I’m sure any dealer would hate to liquidate his or her dealer stock today. I know I’m less and less concerned with the run books and am willing to pay more and more for the keys.
i dont KNOW anything about anything – but i THINK its foolish to assume ANY investment (comics, real estate, gold, etc) will be predictable in any definite way, even if the past supports future growth. anything can fall in price and value. CGC can be rendered bullshit in the future, comics can be of less interest and specific issues may not mean anything to younger buyers when theyre older and we are trying to move our collection (see above example of Tom Mix (who?) vs. Marvel Preview) – i continually wonder why any comic buyer in 30 years will care about any particular character that i care about.(not the main ones like Spiderman but the lesser known ones like say Deadman). you may have hit the nail on the head in surmising that Overstreet will NEVER lower the value of any comics once its gone up, even when they should be regularly because it undermines the collectible comic market. i dont live and die by Overstreet anyway, its kind of a one-man show – my first price guide wasnt even Overstreet’s it was that other one, and the pricing was a LOT lower. while im soapboxing – i also call B.S. on any need to grade anything above 9.0 at 9.2, 9.4, 9.6, & 9.8 – i mean you need a magnifying glass to tell the difference. thats some serious CGC crap right there. should be 9.0, 9.5, 10.0 (10.0 would be virtually unattainable) and thats it.
as always the bottom line is: pay as little as you can & something is only worth what you can get for it.
Rob nice comment, I especially would love to hear what someone from CGC, and someone like Rob Bruce would say about your 9.0/9.5/and virtually unattainable 10 opinion, which I think sounds great -it does sound sketch’ when you get down to the minutia of 9.6 vs 9.8, especially when someone re=sends the comic in, and receives a different score…
Overall though, this would not even be a topic if Marvel, and DC (85% of the market) paid more attention to “Sequential Art”, and less to brand identity, speculator;bubbles, character backgrounds that are still based on Comics Code Authority conservative=extremist censorship tactics, homo-erotic power fantasy fulfillment, and repetitive predictable events, and more branding overpriced pamphlets. Even Will Eisner enjoyed the magazine-sized format. Please also note, Marvel ‘branding’ Jane Foster w/cancer is *u(k!ng disgusting -having her overdoes from an Oxycotin addiction, or if you are going to give her ‘cancer’brand then having her die of prolonged drug treatments, instead of a cure would be the “realistic world setting” that Marvel keeps flailing with their general “brand identity” when they contrast themselves with DC.comics -then have Thor give up being such a benevolent ‘God’, and show some tough love for Midgardians that are willing to ‘treat’ their own to death, instead of cure them -or just the fact that Oxycotin sales have quadrupled since 1999, and yet no one has any money to pay for anything any more, let alone not have your job out-sourced, and yet kids today are saying how they live along traffic, and parking lost, and the unfortunate turn to heroin after they cant afford the synthetic heroin/Oxycotin -how do you not incorporate this in today’s big two ‘comics’, and still claim you are in touch with “real world setting”, but instead your readers have conversations about numbering…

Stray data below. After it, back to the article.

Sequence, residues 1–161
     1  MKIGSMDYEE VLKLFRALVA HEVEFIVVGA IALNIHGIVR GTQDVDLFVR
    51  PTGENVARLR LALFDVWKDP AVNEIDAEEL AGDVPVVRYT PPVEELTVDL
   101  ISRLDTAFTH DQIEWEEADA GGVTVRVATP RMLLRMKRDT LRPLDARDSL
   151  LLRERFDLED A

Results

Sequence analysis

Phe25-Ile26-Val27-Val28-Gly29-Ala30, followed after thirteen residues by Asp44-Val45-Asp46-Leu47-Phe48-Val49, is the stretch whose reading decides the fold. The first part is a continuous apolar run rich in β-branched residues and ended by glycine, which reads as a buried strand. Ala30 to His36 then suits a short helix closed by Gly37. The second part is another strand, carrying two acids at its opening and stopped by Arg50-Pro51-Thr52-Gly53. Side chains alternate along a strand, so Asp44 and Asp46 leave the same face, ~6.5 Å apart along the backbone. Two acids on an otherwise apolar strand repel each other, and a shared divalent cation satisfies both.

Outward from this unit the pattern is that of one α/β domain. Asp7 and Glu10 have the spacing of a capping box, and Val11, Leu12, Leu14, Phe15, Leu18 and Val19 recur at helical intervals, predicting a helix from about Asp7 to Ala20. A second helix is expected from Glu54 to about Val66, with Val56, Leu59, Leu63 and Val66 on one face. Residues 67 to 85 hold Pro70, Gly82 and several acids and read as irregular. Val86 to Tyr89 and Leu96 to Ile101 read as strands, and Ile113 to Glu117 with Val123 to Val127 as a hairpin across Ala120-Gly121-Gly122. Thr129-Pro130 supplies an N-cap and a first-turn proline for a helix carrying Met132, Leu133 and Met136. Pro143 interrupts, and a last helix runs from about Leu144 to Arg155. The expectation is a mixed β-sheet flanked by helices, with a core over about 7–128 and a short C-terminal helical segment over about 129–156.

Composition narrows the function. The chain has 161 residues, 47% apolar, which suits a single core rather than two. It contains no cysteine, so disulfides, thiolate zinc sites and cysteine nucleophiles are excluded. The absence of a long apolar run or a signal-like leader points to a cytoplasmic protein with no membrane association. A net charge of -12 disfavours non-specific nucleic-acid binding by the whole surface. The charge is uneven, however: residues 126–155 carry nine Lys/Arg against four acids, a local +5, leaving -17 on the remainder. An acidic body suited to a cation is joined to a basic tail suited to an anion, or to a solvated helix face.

What can we do to get out of this, and read more Sequential?
Yes, keep the superhero genre, Marvel, and DC have enough diversity in character=based assets that they can incorporate any kind of genre w/in their books that there is no reason today that the next Hemmingway, or Bronte of the 21st Century is not waiting to burst of out a sequential medium that even Marvel or DC can produce. Not today though, and not in the near future. If people are willing to wait in line overnight for an over-priced trendy T-shirt, or learn how to brew their own beer, or learn 3D printing, people can still be willing to complement their lives with magazine, larger book=sized sequential that is just as innovative and alluring as it’s sequential content.
And finally, two additional significant points that need to be actualized for the value of comics to go from worrying about issue numbers to a more a market w/more substance:
-Image Comics allows for more creative control, and freedom, and I think many other publishers need to begin to learn how to incorporate this -as in learn by doing, please…
-And I agree with comicbookGRRRL Laura Sneddon that Diamond Distributors monopoly on sequential distribution in the USA needs to be taken care of. How is it that WallMart is adding a “graphic novel” section, as well is Barnes and Noble expanding it’s own section for “graphic novels” (should just be called “Sequential”, as sequential itself can be subcategorized into cooking, history, educational, art, mystery, romance, action,…), and Amazon is actually opening up book stores -yet comic book stores in the Direct Market are closing -how is the World Trade Organization, and American apathy not scary? :0)
So how can today’s Marvel, and DC ‘comic books’ become sequential books/stories/art/zines? Isnt the beauty of Marvel having almost 50% of the market today that when they do begin to lose market share yet the readership/unit share increases Image, and Darkhorse can grow -it all does not have to ‘go back’ to DC.